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Detail of contribution

Auteur: Claire BOWERN

The life, growth and death of languages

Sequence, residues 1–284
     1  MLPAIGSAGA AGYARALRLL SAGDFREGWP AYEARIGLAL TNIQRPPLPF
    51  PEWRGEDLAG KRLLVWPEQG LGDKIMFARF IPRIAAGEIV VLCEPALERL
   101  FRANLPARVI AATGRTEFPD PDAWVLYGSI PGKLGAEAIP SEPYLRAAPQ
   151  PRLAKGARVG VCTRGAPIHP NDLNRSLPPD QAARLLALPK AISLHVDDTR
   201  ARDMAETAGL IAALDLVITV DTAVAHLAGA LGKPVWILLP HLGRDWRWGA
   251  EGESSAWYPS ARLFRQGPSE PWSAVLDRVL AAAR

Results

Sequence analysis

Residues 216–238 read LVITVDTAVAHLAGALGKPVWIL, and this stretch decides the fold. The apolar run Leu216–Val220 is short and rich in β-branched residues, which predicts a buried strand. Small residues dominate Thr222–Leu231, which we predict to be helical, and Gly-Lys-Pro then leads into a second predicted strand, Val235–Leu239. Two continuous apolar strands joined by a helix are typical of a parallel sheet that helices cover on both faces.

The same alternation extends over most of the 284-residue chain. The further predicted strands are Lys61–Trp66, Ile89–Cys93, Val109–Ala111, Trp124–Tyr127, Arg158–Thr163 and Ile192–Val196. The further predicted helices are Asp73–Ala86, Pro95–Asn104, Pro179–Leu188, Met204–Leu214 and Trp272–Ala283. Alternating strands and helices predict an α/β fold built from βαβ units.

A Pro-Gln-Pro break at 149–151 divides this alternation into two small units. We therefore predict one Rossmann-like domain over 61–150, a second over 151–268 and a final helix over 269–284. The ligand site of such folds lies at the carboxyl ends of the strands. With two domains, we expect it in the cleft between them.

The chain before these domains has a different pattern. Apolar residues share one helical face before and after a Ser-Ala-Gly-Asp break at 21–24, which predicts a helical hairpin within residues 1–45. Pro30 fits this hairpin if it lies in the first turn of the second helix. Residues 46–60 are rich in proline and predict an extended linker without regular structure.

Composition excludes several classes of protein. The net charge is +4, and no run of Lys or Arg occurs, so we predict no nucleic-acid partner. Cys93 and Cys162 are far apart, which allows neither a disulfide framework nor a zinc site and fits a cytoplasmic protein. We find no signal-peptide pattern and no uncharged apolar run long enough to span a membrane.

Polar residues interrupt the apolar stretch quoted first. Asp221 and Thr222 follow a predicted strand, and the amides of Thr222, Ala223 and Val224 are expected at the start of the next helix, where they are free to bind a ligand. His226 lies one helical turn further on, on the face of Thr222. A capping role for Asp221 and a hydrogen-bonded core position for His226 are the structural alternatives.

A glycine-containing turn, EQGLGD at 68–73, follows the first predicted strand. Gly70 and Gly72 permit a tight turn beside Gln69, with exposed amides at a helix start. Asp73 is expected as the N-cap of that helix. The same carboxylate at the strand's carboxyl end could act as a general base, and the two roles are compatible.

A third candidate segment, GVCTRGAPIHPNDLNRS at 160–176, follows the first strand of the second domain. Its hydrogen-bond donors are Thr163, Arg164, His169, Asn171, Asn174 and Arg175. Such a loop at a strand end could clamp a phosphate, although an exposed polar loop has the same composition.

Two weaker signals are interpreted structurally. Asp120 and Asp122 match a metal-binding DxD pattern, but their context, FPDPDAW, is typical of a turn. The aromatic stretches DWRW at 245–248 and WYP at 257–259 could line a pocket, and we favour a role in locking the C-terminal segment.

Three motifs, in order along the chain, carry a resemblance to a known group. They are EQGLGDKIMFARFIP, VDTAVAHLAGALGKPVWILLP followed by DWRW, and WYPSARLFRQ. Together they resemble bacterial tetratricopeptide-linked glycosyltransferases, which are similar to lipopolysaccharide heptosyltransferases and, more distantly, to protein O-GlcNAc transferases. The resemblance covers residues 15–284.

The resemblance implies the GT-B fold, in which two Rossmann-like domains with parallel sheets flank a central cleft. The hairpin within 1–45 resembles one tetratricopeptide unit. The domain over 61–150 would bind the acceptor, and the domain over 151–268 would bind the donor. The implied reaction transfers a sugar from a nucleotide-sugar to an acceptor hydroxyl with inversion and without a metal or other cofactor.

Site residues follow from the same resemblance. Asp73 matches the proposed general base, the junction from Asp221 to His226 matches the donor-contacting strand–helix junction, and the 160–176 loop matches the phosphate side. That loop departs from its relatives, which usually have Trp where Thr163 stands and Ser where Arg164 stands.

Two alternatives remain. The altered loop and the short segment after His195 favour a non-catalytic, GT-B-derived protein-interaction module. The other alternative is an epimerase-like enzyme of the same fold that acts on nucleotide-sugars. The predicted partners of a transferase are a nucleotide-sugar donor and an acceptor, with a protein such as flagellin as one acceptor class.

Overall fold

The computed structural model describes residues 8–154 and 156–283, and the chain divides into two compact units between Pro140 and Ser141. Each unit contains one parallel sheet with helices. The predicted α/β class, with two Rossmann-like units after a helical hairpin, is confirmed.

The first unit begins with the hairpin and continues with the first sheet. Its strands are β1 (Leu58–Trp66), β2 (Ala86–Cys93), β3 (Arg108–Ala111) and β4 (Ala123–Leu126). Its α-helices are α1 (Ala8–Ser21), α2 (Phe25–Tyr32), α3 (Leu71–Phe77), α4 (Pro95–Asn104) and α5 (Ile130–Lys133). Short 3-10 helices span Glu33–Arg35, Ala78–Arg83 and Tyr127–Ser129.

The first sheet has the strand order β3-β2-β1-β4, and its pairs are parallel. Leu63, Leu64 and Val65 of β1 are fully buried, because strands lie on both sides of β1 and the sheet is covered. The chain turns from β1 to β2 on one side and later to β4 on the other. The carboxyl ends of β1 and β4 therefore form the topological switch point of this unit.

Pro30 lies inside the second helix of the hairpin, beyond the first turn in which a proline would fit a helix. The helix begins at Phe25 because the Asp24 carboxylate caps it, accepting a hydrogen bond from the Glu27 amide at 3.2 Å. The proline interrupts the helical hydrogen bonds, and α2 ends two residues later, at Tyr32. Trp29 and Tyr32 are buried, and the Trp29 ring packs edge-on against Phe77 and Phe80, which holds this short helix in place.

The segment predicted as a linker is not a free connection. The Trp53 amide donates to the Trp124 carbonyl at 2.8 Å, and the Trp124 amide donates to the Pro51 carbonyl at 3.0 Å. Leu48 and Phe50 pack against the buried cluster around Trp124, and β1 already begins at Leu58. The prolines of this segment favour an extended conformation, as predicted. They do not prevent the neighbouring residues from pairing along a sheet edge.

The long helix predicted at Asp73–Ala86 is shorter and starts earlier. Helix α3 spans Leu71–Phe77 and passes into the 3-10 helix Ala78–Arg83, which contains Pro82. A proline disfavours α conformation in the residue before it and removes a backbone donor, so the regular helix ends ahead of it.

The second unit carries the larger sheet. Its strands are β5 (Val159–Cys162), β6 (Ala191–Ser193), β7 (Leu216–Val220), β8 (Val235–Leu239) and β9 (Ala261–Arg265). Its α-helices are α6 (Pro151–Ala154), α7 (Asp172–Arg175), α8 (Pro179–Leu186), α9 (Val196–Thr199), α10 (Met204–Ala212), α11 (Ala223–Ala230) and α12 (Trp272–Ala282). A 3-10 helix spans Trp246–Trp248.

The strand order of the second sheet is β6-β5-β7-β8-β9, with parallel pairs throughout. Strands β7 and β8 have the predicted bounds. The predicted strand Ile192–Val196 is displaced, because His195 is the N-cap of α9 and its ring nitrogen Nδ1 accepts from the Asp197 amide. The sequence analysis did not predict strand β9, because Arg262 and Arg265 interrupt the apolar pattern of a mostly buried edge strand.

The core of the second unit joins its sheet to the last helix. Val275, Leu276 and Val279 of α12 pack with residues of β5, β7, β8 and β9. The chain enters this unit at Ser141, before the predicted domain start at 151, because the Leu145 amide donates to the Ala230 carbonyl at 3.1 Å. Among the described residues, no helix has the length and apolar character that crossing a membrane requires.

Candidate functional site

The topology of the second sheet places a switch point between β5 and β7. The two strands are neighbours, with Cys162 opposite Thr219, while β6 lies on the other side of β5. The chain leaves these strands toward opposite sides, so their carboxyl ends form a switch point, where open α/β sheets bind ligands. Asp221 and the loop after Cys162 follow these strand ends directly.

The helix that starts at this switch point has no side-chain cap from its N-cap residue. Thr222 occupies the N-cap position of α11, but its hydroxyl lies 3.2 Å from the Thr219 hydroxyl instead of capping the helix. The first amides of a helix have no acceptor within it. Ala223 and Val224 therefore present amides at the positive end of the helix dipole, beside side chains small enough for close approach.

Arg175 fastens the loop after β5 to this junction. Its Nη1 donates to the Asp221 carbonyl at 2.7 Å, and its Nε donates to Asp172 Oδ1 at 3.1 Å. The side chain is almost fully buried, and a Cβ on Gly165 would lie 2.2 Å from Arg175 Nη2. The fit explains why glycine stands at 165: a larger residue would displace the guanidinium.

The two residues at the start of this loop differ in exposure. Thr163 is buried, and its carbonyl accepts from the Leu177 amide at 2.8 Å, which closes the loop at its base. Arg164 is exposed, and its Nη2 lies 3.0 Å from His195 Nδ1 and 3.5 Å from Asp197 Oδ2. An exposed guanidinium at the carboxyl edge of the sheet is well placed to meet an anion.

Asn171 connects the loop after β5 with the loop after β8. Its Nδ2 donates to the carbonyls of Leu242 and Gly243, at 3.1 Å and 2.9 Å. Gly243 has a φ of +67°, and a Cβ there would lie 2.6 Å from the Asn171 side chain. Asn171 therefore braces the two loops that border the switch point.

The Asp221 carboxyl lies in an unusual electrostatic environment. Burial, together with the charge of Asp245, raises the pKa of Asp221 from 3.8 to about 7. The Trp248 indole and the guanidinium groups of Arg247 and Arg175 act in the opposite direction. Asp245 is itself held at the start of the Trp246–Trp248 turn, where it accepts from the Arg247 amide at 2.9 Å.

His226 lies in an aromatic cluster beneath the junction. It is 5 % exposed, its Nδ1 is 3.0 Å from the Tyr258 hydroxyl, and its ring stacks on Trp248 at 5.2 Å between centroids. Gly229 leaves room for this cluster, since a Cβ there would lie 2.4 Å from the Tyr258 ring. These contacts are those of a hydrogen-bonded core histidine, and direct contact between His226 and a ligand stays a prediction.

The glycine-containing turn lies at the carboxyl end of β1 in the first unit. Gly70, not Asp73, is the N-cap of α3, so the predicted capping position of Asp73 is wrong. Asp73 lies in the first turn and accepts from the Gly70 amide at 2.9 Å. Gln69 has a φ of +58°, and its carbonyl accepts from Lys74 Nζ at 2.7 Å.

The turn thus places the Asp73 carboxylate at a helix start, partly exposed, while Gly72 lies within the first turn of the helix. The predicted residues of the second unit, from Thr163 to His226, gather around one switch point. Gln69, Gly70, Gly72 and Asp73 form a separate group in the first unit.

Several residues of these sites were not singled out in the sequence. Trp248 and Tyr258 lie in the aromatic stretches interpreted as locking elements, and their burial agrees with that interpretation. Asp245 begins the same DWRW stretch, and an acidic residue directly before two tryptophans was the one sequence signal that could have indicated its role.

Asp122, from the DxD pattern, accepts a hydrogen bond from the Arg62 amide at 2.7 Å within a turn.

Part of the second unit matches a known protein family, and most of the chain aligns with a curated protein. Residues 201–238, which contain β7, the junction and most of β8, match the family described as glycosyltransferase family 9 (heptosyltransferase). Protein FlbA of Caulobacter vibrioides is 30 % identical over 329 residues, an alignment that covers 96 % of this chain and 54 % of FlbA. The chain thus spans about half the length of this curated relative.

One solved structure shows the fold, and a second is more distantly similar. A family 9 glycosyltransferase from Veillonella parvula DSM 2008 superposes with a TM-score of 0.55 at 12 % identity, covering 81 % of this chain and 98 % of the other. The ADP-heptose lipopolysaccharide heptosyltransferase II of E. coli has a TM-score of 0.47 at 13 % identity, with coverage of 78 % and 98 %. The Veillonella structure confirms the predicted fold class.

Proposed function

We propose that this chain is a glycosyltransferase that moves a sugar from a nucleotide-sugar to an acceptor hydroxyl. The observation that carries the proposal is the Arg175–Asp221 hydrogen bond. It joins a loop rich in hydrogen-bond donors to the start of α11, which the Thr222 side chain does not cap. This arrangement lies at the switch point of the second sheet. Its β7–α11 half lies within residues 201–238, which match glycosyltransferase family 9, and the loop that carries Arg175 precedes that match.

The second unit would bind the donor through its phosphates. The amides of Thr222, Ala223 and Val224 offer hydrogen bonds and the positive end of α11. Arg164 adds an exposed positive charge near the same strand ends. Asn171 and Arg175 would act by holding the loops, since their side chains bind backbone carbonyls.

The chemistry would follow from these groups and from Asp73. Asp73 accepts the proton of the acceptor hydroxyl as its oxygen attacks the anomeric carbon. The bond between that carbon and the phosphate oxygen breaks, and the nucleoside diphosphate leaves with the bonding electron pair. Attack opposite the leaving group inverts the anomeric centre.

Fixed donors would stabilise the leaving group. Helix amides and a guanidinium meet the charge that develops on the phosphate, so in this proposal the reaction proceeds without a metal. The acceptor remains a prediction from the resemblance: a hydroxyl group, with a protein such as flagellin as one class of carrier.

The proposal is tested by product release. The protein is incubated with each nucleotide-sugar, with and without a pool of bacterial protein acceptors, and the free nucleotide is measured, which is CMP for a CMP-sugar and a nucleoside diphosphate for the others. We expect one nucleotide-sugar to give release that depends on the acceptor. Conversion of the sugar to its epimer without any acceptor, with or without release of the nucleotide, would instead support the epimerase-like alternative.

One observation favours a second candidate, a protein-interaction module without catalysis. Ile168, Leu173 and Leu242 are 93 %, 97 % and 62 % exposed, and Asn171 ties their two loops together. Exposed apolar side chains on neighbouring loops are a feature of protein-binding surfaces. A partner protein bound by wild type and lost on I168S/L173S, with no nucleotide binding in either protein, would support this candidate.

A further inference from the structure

Abstract/Résumé: While there are currently approximately 6,000 languages spoken in the world today, the number of languages in the world is not constant. Existing languages change and they split into new varieties and languages; new languages emerge, and of course, languages cease to be spoken at an alarming rate. Work in this area sits at the intersection of sociolinguistics, anthropological linguistics, historical reconstruction, and language documentation. This session showcases work in all these areas, ranging from the purely linguistic to the socio-historical. In this overview communication, I contextualize the field as it currently stands and offer some suggestions for current areas of productive research. I suggest that historical linguistics is currently undergoing a ‘quantitative revolution’; just as the ability to make precise acoustic measurements on desktop and laptop computers revolutionized phonetics and made it possible to study many more languages in a systematic way, so too the use of computational methods in historical linguistics is revolutionizing our ability to look into the past and combine results from language with other disciplines.